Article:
Many Swiss People, men in particular, would rather speak English than Hochdeutsch. If you speak Hochdeutsch, nearly all Swiss will automatically Switch to either Hochdeutsch or English. In 26 years here, even repeatedly reminding employees and close friends that, although I _speak_ Schriftdeutsch, I fully understand Dialekt I have only managed to convince about 10 People to speak their mother tongue with me. (I learned Hochdeutsch when I first arrived and picked up Swiss German for free, so to speak). Some say "It gives me a chance to practice my English", which is fine by me, but some say "It gives me a Chance to practice my Hochdeutsch" which always makes me snigger, because although my vocabulary is pretty good, my pronunciation is painful even to my own ears!


Andrew
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  #165  
Old 24.06.2015, 23:35
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Re: Speaking swiss german in presence of non-Swiss

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Many Swiss People, men in particular, would rather speak English than Hochdeutsch. (...) my pronunciation is painful even to my own ears!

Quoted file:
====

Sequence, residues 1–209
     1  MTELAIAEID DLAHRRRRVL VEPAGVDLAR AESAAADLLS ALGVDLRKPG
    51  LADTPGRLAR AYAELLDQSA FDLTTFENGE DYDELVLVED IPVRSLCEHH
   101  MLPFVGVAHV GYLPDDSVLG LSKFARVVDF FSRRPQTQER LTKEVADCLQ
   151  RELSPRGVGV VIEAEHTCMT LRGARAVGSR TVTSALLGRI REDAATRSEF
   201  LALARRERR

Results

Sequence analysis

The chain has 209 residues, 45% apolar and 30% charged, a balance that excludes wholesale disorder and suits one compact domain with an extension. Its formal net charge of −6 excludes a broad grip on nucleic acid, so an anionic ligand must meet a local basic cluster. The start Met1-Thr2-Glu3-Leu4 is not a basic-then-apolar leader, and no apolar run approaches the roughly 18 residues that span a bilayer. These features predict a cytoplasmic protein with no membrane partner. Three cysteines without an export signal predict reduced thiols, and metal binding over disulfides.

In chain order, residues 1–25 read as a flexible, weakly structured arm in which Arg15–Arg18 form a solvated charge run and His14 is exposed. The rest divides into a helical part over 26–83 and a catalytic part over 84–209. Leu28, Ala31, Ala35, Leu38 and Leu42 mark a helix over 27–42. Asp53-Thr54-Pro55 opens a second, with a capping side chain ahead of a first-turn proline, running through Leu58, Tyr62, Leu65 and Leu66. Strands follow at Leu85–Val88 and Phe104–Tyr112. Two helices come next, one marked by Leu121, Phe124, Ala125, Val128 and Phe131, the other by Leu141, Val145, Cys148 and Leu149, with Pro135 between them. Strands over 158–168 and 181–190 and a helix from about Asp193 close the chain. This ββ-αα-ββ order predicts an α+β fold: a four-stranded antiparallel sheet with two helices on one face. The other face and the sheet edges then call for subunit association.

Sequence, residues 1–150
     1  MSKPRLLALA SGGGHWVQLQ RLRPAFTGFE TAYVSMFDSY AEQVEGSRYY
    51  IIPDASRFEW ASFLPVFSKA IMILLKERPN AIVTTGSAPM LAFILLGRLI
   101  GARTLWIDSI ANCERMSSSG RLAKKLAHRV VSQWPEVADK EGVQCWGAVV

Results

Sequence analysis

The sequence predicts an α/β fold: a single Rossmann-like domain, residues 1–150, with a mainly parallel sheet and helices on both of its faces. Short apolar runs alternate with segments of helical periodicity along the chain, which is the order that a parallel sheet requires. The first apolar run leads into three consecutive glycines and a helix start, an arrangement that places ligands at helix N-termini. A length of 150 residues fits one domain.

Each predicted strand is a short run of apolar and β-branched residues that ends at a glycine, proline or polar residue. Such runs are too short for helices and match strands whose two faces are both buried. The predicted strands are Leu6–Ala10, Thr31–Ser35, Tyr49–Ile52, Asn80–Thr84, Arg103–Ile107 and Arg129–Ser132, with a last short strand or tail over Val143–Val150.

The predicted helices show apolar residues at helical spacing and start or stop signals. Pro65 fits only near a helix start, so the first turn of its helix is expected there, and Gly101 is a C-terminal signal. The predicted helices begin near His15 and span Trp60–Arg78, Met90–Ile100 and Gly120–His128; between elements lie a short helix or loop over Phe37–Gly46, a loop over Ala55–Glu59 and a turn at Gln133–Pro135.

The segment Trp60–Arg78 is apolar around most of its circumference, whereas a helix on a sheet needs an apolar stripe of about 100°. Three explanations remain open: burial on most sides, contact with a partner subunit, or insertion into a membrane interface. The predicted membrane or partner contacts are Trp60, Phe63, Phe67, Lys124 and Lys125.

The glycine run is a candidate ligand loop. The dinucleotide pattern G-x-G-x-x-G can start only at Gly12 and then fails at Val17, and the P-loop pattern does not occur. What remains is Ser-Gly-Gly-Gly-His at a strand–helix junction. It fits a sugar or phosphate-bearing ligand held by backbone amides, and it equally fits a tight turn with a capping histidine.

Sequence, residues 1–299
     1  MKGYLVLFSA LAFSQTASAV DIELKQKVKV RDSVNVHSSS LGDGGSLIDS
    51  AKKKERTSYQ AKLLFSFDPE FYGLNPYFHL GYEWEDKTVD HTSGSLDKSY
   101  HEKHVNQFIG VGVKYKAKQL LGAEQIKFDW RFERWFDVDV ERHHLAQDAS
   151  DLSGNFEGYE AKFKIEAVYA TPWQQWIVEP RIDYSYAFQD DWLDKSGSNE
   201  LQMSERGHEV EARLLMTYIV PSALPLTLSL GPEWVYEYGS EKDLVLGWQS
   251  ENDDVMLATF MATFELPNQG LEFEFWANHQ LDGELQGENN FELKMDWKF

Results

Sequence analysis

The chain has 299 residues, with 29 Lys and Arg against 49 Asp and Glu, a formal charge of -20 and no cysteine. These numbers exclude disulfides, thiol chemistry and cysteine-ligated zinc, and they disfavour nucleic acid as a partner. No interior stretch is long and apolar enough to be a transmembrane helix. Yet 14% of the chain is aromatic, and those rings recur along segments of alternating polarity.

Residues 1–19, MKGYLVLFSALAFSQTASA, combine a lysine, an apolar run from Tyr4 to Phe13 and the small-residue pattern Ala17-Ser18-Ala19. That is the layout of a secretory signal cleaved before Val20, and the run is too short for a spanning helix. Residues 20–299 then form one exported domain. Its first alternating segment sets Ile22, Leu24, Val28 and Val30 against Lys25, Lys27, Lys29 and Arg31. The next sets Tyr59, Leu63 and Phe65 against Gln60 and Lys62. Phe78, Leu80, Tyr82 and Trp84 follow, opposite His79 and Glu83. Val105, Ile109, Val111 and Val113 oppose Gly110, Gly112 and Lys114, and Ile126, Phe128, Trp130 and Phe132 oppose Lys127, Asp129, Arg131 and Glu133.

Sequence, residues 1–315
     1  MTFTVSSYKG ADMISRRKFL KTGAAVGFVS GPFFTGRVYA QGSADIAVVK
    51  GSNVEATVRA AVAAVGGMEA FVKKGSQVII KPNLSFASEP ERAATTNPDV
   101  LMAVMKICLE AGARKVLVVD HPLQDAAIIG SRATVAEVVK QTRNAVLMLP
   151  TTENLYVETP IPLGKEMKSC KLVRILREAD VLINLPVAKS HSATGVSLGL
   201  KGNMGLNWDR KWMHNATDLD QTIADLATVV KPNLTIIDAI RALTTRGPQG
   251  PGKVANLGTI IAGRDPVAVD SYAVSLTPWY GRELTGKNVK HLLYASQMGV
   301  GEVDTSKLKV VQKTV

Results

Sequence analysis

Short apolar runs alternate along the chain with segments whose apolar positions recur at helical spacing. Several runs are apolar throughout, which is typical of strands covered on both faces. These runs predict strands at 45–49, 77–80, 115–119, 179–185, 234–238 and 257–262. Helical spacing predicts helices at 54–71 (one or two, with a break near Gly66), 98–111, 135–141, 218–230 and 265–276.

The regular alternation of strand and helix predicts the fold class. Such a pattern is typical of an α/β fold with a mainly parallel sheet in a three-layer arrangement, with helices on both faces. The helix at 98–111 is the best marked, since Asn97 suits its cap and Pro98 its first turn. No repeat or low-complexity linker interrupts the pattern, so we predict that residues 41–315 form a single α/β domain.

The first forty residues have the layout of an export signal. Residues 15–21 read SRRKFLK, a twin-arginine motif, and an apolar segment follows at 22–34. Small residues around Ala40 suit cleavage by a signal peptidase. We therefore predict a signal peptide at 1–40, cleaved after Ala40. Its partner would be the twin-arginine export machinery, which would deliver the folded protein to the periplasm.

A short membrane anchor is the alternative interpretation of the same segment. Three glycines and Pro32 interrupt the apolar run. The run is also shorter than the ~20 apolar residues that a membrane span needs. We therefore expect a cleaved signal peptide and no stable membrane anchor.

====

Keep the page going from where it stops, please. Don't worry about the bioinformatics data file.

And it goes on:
A well known experience, many people here can relate to that... but for mother tongue German speakers, the experience is usually rather different. Swiss Germans speak to me in German all the time, Hochdeutsch or dialect, never in English, because this is our common language after all. I do not have a painful pronunciation, so there is no signal to the locals to change language. It plays a huge role and I can not emphasize enough how hugely the experience of foreign language speakers, especially when identified as English speakers, and the experience of "real" (sorry for the wording) German speakers differ. Swiss people don't react the same to everybody speaking High German. It is not really about the German, it is about the feeling of having a common language or not, even if it might be unfair to your real level of German and unfair of some locals to overestimate their level of English. But the switch to English doesn't happen with Germans. Nobody ever switched to English with me or Germans I know.
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  #166  
Old 25.06.2015, 08:47
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Re: Speaking swiss german in presence of non-Swiss

Hi there

These are just my early days here but there's one thing that's nagging me.

Would I get by speaking decent German (and English of course) in Switzerland? I got a hankering to put down my roots somewhere around Bern which seems to be a German-speaking city.
I've been there numerous times as a tourist. This is why I'm inquiring about it - daily life is a totally different kettle of fish.

Or would it be better for me to pick up some French/Italian?
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  #167  
Old 25.06.2015, 08:50
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Re: Speaking swiss german in presence of non-Swiss